News / USA

    Genetic Analyses Show Endangered Species in Shark Fin Soup

    Zulima Palacio
    Each year, fishermen catch millions of sharks, cut off their fins, and dump the bodies into the ocean to die. The fins are used to make shark fin soup, an Asian delicacy sold in many countries. Recently, a team of scientists and environmental groups collected soup from restaurants across the United States and analyzed the soups' genetic make-up. They found endangered species on the menu. 

    More than 73 million sharks are killed every year, mostly for their fins, to make shark fin soup, industry experts and conservationists say. Shark fin soup is a common offering in many Asian restaurants around the world.

    A bowl of shark fin soup is being served at a Chinese restaurant in San Francisco's Chinatown, California, February 14, 2011.A bowl of shark fin soup is being served at a Chinese restaurant in San Francisco's Chinatown, California, February 14, 2011.
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    A bowl of shark fin soup is being served at a Chinese restaurant in San Francisco's Chinatown, California, February 14, 2011.
    A bowl of shark fin soup is being served at a Chinese restaurant in San Francisco's Chinatown, California, February 14, 2011.
    The Field Museum in Chicago and the Pew Environment Group looked at 51 soup samples in 14 U.S. cities. DNA analyses identified eight shark species, some of them endangered.
     
    “The major finding is that there are endangered species in shark fin soup sold in the United States.  One sample taken from Boston had scalloped hammerhead," said Liz Karan, who heads the global shark conservation campaign at the Pew Environment Group.  "Scalloped hammerhead is considered endangered by the International Union of Conservation’s red list of endangered species.”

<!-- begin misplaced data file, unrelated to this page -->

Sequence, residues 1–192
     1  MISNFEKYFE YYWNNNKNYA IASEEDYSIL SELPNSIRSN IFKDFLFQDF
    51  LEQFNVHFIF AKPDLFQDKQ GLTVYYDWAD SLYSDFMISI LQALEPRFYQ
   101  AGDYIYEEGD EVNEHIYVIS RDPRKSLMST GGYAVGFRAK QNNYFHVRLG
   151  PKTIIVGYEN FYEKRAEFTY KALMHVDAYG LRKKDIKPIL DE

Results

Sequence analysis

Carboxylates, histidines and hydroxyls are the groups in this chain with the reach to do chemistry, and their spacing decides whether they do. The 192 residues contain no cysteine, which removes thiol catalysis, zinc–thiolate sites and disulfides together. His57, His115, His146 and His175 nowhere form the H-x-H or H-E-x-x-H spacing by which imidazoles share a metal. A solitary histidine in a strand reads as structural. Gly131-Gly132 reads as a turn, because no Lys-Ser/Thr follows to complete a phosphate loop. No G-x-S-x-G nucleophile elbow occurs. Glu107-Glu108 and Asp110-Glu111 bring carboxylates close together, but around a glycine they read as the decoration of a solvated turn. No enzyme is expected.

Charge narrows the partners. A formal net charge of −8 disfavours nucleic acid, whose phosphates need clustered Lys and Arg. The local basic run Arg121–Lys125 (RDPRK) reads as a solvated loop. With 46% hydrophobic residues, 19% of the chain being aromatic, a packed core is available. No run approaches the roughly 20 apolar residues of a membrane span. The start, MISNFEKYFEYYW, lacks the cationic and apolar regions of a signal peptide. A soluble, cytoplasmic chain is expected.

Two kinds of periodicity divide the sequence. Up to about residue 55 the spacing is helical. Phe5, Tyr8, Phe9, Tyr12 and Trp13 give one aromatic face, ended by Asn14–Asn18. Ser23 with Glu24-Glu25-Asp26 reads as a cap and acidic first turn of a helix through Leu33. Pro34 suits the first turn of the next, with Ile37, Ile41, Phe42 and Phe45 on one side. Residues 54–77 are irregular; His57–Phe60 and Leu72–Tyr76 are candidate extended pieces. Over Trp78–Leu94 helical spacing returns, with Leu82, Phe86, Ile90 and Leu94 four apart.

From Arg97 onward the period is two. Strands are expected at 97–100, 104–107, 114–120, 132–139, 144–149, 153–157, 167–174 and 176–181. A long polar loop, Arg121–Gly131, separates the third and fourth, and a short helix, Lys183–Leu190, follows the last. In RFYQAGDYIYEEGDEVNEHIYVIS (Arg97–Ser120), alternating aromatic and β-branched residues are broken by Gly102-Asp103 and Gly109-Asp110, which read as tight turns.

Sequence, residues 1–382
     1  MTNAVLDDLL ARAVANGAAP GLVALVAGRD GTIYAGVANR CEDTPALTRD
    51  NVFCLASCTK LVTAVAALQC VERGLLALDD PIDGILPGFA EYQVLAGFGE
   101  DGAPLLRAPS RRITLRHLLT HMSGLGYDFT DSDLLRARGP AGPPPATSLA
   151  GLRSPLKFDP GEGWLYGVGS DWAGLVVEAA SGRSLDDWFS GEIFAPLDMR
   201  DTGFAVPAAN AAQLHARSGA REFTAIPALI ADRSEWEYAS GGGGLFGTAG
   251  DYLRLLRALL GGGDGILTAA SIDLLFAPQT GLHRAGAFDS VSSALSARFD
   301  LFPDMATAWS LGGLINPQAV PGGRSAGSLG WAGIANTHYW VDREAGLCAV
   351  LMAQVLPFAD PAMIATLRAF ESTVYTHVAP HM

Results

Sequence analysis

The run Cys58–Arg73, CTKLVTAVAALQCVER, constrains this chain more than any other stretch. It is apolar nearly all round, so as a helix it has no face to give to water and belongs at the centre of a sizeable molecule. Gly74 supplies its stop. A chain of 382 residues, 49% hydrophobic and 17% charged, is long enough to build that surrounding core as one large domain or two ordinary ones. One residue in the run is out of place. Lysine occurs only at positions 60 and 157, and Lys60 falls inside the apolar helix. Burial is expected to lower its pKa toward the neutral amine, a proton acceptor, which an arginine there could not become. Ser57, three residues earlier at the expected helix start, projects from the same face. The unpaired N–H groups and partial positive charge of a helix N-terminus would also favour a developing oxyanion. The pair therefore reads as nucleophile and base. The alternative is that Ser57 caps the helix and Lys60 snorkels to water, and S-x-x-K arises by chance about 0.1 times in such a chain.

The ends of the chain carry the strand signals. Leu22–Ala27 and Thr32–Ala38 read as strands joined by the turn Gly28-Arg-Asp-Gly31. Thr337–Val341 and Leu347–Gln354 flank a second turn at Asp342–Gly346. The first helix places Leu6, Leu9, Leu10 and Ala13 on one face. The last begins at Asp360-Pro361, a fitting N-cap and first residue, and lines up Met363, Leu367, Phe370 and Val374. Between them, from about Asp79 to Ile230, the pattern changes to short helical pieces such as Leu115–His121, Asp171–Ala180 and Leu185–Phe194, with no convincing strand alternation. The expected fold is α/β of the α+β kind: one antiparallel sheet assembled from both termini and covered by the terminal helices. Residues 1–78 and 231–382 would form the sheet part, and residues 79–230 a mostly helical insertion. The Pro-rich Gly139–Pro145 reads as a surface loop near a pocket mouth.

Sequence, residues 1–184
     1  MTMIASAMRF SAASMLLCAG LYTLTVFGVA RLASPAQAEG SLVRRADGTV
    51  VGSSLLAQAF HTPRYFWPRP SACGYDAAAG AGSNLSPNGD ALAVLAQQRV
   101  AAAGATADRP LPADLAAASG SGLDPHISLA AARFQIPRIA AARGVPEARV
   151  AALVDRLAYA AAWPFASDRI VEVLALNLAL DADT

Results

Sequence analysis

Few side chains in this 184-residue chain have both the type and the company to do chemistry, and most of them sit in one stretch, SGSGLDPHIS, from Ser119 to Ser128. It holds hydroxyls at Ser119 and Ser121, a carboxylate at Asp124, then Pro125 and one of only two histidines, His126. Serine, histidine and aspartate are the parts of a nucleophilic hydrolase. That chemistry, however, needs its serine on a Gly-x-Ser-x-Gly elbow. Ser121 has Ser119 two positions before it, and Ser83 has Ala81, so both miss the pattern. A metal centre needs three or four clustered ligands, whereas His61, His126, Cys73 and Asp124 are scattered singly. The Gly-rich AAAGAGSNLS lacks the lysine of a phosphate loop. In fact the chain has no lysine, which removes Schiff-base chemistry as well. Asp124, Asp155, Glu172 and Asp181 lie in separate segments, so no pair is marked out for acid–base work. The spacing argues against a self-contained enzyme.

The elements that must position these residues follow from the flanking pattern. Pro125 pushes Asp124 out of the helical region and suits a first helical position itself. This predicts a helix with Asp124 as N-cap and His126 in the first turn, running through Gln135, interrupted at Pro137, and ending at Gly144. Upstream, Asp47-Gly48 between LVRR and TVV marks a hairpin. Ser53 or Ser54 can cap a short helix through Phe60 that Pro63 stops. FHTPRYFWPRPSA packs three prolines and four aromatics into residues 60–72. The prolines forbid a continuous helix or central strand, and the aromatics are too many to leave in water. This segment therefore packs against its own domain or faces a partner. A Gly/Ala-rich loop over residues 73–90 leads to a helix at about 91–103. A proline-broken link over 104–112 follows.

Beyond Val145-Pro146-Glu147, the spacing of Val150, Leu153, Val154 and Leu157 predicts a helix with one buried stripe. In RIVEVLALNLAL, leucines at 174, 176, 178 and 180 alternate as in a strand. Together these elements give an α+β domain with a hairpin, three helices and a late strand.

Shark finning - cutting off the fins while the shark is still alive and throwing the body overboard - is banned in the United States. But shark fishing and the import of fins are allowed.  So far, only five U.S. states have banned shark fin products.

    “Overfishing of sharks is a global problem.  Hong Kong is currently the hub of the shark fin trade, and there are about 80 countries that contribute to that trade,” said Karan.

    Workers cut off fins from frozen carcasses of a sharks at a fish processing plant in Kaohsiung, southern Taiwan, November 15, 2011.Workers cut off fins from frozen carcasses of a sharks at a fish processing plant in Kaohsiung, southern Taiwan, November 15, 2011.
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    Workers cut off fins from frozen carcasses of a sharks at a fish processing plant in Kaohsiung, southern Taiwan, November 15, 2011.
    Workers cut off fins from frozen carcasses of a sharks at a fish processing plant in Kaohsiung, southern Taiwan, November 15, 2011.
    Over the last 60  years, the world's shark population has plummetted by nearly 80 percent, according to a study by the Pew Environment Group. The group believes sanctuaries for sharks could help them.  

    “They have a very long life span and often don’t reach sexual maturity until their teens or 20s and, when they do reproduce, some species only have a couple of pups at the time. So their ability to repopulate and recover from overfishing pressures is very small,” said Karan.

    The Humane Society International leads one of the largest campaigns to protect sharks. Iris Ho is the wildlife campaigns manager.

    “Over 90 percent of the world’s shark fin consumption takes place in China, and Hong Kong alone handles about 50 percent of the global trade in shark fins,” she said.

    The Chinese government has announced it will stop serving shark fin soup at official functions. Ho says outside of Asia, the U.S. is the largest market.
     
    ”According to government records, in 2010, 34 metric tons of shark fins were imported to the U.S.,” she said.  

    Sharks have been around for 400 million years, pre-dating the dinosaurs.  But scientists believe they may be unable to survive this ongoing assault.

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